Frequently Asked Questions¶
My model reports “cuda runtime error(2): out of memory”¶
As the error message suggests, you have run out of memory on your GPU. Since we often deal with large amounts of data in PyTorch, small mistakes can rapidly cause your program to use up all of your GPU; fortunately, the fixes in these cases are often simple. Here are a few common things to check:
Don’t accumulate history across your training loop. By default, computations involving variables that require gradients will keep history. This means that you should avoid using such variables in computations which will live beyond your training loops, e.g., when tracking statistics. Instead, you should detach the variable or access its underlying data.
Sometimes, it can be non-obvious when differentiable variables can occur. Consider the following training loop (abridged from source):
total_loss = 0 for i in range(10000): optimizer.zero_grad() output = model(input) loss = criterion(output) loss.backward() optimizer.step() total_loss += loss
total_loss is accumulating history across your training loop, since
loss is a differentiable variable with autograd history. You can fix this by
writing total_loss += float(loss) instead.
Other instances of this problem: 1.
Don’t hold onto tensors and variables you don’t need.
If you assign a Tensor or Variable to a local, Python will not
deallocate until the local goes out of scope. You can free
this reference by using
del x. Similarly, if you assign
a Tensor or Variable to a member variable of an object, it will
not deallocate until the object goes out of scope. You will
get the best memory usage if you don’t hold onto temporaries
you don’t need.
The scopes of locals can be larger than you expect. For example:
for i in range(5): intermediate = f(input[i]) result += g(intermediate) output = h(result) return output
intermediate remains live even while
h is executing,
because its scope extrudes past the end of the loop. To free it
earlier, you should
del intermediate when you are done with it.
Don’t run RNNs on sequences that are too large. The amount of memory required to backpropagate through an RNN scales linearly with the length of the RNN input; thus, you will run out of memory if you try to feed an RNN a sequence that is too long.
The technical term for this phenomenon is backpropagation through time,
and there are plenty of references for how to implement truncated
BPTT, including in the word language model example; truncation is handled by the
repackage function as described in
this forum post.
Don’t use linear layers that are too large.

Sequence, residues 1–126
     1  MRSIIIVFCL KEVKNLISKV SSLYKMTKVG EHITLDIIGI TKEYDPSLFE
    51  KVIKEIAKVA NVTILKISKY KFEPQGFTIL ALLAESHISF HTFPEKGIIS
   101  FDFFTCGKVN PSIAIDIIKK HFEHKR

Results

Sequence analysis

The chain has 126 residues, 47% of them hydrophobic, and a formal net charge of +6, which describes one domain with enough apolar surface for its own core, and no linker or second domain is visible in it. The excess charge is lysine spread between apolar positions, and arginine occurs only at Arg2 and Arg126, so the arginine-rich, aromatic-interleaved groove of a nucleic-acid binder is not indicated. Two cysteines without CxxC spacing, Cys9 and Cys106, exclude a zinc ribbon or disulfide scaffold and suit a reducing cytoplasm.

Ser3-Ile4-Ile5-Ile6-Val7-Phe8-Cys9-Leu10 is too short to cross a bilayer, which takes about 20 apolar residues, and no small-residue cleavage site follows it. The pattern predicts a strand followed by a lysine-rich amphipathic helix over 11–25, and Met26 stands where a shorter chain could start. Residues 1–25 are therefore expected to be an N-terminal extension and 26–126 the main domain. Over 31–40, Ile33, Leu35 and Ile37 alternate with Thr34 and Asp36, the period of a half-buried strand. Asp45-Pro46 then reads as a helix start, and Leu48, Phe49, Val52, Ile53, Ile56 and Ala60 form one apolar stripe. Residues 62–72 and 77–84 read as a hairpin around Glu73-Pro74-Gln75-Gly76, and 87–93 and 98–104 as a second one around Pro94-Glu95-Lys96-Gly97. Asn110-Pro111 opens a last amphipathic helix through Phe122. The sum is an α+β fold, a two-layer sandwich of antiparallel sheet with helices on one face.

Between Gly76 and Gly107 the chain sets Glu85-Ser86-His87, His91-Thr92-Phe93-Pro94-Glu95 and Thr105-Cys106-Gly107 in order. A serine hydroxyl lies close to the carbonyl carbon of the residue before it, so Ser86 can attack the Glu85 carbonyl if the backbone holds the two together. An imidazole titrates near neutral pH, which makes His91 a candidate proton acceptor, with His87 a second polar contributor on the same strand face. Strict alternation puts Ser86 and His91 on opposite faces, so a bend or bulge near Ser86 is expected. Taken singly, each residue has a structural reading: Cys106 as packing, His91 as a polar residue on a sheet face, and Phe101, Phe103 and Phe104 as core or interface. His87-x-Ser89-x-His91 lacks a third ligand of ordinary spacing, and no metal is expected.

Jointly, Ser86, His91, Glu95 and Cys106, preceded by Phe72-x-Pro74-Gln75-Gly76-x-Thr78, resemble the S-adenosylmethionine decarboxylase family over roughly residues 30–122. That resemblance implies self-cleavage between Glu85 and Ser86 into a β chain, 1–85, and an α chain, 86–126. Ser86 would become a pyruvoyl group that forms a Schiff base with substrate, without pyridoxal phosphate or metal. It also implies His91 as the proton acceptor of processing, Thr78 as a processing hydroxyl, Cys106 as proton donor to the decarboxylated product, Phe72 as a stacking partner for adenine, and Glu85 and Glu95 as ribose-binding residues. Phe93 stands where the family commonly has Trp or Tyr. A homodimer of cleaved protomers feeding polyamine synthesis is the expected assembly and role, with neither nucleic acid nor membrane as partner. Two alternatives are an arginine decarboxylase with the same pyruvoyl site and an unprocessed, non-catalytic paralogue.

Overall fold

A linear layer
nn.Linear(m, n) uses
memory: that is to say,
the memory requirements of the weights
scales quadratically with the number of features. It is very easy
to blow through your memory
this way (and remember that you will need at least twice the size of the
weights, since you also need to store the gradients.)
My GPU memory isn’t freed properly¶
PyTorch uses a caching memory allocator to speed up memory allocations. As a
result, the values shown in
nvidia-smi usually don’t reflect the true
memory usage. See Memory management for more details about GPU
If your GPU memory isn’t freed even after Python quits, it is very likely that
some Python subprocesses are still alive. You may find them via
ps -elf | grep python and manually kill them with
kill -9 [pid].
My data loader workers return identical random numbers¶
You are likely using other libraries to generate random numbers in the dataset.
For example, NumPy’s RNG is duplicated when worker subprocesses are started via
torch.utils.data.DataLoader’s documentation for how to
properly set up random seeds in workers with its
My recurrent network doesn’t work with data parallelism¶
There is a subtlety in using the
pack sequence -> recurrent network -> unpack sequence pattern in a
data_parallel(). Input to each the
each device will only be part of the entire input. Because the unpack operation
torch.nn.utils.rnn.pad_packed_sequence() by default only pads up to the
longest input it sees, i.e., the longest on that particular device, size
mismatches will happen when results are gathered together. Therefore, you can
instead take advantage of the
total_length argument of
pad_packed_sequence() to make sure that the
forward() calls return sequences of same length. For example, you can
from torch.nn.utils.rnn import pack_padded_sequence, pad_packed_sequence class MyModule(nn.Module): # ... __init__, other methods, etc. # padded_input is of shape [B x T x *] (batch_first mode) and contains # the sequences sorted by lengths # B is the batch size # T is max sequence length def forward(self, padded_input, input_lengths): total_length = padded_input.size(1) # get the max sequence length packed_input = pack_padded_sequence(padded_input, input_lengths, batch_first=True) packed_output, _ = self.my_lstm(packed_input) output, _ = pad_packed_sequence(packed_output, batch_first=True, total_length=total_length) return output m = MyModule().cuda() dp_m = nn.DataParallel(m)
Additionally, extra care needs to be taken when batch dimension is dim
batch_first=False) with data parallelism. In this case, the first
argument of pack_padded_sequence
padding_input will be of shape
[T x B x *] and should be scattered along dim
1, but the second argument
input_lengths will be of shape
[B] and should be scattered along dim
0. Extra code to manipulate the tensor shapes will be needed.